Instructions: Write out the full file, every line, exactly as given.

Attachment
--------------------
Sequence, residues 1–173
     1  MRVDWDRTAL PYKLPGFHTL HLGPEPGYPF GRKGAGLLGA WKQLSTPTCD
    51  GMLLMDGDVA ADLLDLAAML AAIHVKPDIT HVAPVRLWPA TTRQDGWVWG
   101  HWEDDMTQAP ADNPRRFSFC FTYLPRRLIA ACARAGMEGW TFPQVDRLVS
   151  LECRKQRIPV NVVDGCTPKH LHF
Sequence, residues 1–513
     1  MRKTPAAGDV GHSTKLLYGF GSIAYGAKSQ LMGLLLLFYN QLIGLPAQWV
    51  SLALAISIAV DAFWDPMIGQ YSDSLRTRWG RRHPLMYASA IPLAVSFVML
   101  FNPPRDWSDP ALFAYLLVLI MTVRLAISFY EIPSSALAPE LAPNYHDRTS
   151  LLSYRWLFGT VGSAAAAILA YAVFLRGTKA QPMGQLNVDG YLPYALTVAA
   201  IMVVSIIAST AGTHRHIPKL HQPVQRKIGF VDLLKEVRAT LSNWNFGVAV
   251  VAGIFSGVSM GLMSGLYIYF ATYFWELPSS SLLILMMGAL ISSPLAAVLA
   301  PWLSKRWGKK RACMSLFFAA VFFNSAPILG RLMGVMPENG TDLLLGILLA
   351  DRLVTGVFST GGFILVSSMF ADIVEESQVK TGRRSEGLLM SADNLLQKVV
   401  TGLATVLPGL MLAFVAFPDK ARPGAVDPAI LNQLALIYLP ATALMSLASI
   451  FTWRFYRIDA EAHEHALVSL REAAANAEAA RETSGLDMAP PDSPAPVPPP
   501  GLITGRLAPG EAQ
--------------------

Sequence, residues 1–173
     1  MRVDWDRTAL PYKLPGFHTL HLGPEPGYPF GRKGAGLLGA WKQLSTPTCD
    51  GMLLMDGDVA ADLLDLAAML AAIHVKPDIT HVAPVRLWPA TTRQDGWVWG
   101  HWEDDMTQAP ADNPRRFSFC FTYLPRRLIA ACARAGMEGW TFPQVDRLVS
   151  LECRKQRIPV NVVDGCTPKH LHF
Sequence, residues 1–513
     1  MRKTPAAGDV GHSTKLLYGF GSIAYGAKSQ LMGLLLLFYN QLIGLPAQWV
    51  SLALAISIAV DAFWDPMIGQ YSDSLRTRWG RRHPLMYASA IPLAVSFVML
   101  FNPPRDWSDP ALFAYLLVLI MTVRLAISFY EIPSSALAPE LAPNYHDRTS
   151  LLSYRWLFGT VGSAAAAILA YAVFLRGTKA QPMGQLNVDG YLPYALTVAA
   201  IMVVSIIAST AGTHRHIPKL HQPVQRKIGF VDLLKEVRAT LSNWNFGVAV
   251  VAGIFSGVSM GLMSGLYIYF ATYFWELPSS SLLILMMGAL ISSPLAAVLA
   301  PWLSKRWGKK RACMSLFFAA VFFNSAPILG RLMGVMPENG TDLLLGILLA
   351  DRLVTGVFST GGFILVSSMF ADIVEESQVK TGRRSEGLLM SADNLLQKVV
   401  TGLATVLPGL MLAFVAFPDK ARPGAVDPAI LNQLALIYLP ATALMSLASI
   451  FTWRFYRIDA EAHEHALVSL REAAANAEAA RETSGLDMAP PDSPAPVPPP
   501  GLITGRLAPG EAQ